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Regional showdown puts Qatar on its back-foot
  • The unprecedented decision by seven countries, led by Saudi Arabia, the United Arab Emirates (UAE) and Egypt, to sever diplomatic ties with Qatar, closing their land, sea, and airspace in the process, is a significant escalation that will likely force the small, but influential, gulf nation into diplomatic retreat.
  • This step is part of a concerted effort by the newly energized Saudi-led alliance against both Iranian expansionism and violent extremism to bring Qatar, an unruly member of the Gulf Cooperation Council (GCC), into line. Some will view the diplomatic spat as a sign of inter- Arab Gulf weakness, but an alternative assessment would argue that it indicates determination to take on destabilizing behavior.
  • President Donald Trump’s recent visit to Saudi Arabia and his public call for zero tolerance against those supporting radical extremists probably incentivized action against Qatari policies, but the underlying issues have long been a source of tension. Since the Emir of Qatar was deposed by his son in 1995, the small but rich nation of about three hundred thousand citizens has supported opposing sides of various conflicts and interfered in the internal affairs of its neighbors in order to play an outsized diplomatic role.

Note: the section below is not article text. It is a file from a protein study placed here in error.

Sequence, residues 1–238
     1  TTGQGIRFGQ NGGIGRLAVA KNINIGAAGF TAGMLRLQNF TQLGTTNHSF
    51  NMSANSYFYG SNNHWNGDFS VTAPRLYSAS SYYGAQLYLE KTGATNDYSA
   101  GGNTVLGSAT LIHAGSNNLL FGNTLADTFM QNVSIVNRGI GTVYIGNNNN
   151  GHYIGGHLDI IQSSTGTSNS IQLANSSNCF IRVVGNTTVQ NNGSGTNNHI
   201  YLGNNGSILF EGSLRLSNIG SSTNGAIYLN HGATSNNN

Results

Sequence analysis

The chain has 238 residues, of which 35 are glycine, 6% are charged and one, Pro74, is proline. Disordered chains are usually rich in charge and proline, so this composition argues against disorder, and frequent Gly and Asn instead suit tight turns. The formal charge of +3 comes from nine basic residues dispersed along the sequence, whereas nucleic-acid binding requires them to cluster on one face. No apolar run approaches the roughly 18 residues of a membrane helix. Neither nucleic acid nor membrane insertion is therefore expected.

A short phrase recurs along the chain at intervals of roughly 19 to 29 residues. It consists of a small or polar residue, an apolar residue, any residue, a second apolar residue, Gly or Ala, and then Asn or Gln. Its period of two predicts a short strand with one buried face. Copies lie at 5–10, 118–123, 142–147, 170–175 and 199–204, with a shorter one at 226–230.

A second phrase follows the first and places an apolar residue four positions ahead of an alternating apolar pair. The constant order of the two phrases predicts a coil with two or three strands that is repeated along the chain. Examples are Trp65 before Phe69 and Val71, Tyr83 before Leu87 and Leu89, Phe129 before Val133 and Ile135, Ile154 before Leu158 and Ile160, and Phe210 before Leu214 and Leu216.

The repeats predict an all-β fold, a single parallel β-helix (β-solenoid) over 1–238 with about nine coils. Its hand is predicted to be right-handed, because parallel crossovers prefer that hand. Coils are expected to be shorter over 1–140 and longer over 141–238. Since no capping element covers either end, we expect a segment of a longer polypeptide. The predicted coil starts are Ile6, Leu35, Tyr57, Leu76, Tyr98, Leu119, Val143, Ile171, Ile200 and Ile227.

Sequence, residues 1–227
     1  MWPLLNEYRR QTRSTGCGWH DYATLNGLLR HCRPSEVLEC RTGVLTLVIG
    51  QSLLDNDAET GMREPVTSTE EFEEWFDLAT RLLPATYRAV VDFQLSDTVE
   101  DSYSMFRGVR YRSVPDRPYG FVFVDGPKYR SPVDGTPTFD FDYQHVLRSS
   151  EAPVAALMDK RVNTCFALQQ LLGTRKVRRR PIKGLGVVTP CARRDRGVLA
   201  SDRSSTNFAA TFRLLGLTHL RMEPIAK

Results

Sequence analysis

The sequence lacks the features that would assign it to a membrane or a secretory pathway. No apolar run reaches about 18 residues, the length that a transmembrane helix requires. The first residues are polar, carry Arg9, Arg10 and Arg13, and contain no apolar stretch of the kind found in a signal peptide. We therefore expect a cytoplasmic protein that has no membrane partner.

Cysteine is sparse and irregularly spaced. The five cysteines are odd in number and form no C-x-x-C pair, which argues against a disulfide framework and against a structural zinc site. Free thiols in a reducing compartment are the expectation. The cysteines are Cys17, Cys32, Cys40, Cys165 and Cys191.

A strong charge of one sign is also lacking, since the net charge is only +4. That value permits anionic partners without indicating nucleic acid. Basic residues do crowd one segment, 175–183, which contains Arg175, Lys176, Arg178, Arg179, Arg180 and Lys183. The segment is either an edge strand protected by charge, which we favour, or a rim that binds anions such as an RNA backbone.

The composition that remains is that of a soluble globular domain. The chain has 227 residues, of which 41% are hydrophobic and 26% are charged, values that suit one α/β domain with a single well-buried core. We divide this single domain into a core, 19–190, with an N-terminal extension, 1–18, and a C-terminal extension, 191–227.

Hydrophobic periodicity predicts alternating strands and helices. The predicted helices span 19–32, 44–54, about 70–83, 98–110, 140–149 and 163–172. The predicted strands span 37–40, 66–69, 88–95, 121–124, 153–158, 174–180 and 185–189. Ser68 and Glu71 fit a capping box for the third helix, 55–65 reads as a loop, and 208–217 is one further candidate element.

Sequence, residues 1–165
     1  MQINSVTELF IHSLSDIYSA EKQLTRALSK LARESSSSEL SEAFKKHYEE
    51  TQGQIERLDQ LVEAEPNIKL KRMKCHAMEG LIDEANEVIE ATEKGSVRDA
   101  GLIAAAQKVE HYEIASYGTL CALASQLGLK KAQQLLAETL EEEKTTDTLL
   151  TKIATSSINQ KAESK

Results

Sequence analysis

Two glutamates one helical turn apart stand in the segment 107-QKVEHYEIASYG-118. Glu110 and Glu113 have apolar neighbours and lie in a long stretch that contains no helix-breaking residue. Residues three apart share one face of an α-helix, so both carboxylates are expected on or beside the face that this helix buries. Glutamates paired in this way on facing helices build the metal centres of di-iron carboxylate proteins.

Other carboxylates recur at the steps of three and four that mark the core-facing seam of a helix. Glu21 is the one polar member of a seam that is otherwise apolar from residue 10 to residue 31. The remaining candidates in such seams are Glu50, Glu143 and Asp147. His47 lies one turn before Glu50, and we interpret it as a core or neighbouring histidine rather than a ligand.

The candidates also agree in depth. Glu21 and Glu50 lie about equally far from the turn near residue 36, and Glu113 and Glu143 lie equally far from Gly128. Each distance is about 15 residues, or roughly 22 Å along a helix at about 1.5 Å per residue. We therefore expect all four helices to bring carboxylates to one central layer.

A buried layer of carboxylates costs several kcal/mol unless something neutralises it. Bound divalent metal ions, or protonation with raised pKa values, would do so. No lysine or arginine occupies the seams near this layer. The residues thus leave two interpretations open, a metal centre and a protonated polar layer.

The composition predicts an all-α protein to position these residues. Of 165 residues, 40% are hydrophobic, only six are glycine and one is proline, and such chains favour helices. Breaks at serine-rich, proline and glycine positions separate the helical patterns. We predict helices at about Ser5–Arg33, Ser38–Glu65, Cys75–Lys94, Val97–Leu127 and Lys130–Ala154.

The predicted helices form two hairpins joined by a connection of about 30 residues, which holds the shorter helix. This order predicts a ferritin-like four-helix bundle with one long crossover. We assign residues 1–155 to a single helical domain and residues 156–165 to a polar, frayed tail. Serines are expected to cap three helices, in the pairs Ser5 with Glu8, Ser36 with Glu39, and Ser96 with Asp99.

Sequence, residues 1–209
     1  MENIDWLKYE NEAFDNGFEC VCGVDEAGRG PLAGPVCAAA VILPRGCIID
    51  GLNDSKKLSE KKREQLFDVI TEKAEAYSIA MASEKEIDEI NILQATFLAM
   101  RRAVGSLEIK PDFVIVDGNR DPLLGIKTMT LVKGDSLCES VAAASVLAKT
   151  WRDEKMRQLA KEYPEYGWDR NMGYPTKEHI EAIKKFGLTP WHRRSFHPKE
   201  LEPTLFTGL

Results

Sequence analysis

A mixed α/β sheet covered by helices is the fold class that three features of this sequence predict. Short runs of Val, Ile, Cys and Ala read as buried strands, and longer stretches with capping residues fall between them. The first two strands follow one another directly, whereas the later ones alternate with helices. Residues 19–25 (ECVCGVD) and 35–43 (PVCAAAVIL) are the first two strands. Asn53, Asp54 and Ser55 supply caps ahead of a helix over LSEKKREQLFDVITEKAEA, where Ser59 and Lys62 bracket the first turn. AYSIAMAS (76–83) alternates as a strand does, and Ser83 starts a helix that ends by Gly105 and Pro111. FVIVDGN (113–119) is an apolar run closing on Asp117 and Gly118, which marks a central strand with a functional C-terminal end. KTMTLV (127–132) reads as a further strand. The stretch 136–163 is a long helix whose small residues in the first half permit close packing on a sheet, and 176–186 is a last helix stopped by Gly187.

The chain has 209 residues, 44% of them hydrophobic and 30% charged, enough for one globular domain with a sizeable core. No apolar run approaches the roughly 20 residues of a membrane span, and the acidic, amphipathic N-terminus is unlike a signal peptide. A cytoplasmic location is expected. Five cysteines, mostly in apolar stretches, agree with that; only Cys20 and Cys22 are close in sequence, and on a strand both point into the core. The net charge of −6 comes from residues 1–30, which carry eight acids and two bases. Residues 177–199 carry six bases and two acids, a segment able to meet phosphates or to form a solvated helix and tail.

• Libyan intelligence recordings seized after the toppling of Qaddafi in 2011 pointed to Qatari meddling in Saudi Arabia’s internal affairs by funding Saudi opposition figures. Bahrain, Saudi Arabia, Egypt, and the UAE believe that similar destabilizing activities continue in each of their nations. 
  • The most immediate fallout from the ongoing row will be increased volatility in global energy markets and regional stock exchanges. Oil futures have already shot up 1.6% and the Qatari stock exchange is down over 7%. Food shortages and inflation can be expected to roil Qatar, a small peninsula that imports over 40 percent of its food needs through its only land border with Saudi Arabia. Although its economic lifeline, the liquefied natural gas (LNG) terminal from which it exports its gas to the world, is unlikely to be directly impacted, a prolonged crisis will negatively impact tourism and commercial traffic, including the national airline, Qatar Airways, and may affect preparations for the 2020 world soccer championship.
  • Should Qatar fail to reverse course on its alleged support for radical groups like Al Qaeda and violent elements of the Muslim Brotherhood, and if it continues to defy other Gulf Cooperation Council countries by reportedly backing pro-Iranian activities in Bahrain and Saudi Arabia, further escalation, in the form of additional economic and financial measures against Doha, could follow. A prolonged conflict could also heighten instability in Libya, Syria and Egypt - countries where Qatar is known to fund armed groups.
  • Operations of US Central Command (CENTCOM) at Al Udaid Airforce Base in Qatar are unlikely to be affected. Nor is Turkey, which has partnered with Qatar in support of the Muslim Brotherhood throughout the Middle East, likely to risk diplomatic confrontation with key Arab countries to salvage its troubled ally. Instead, Turkish mediation could help Qatar in its anticipated diplomatic retreat while attempting to save face.

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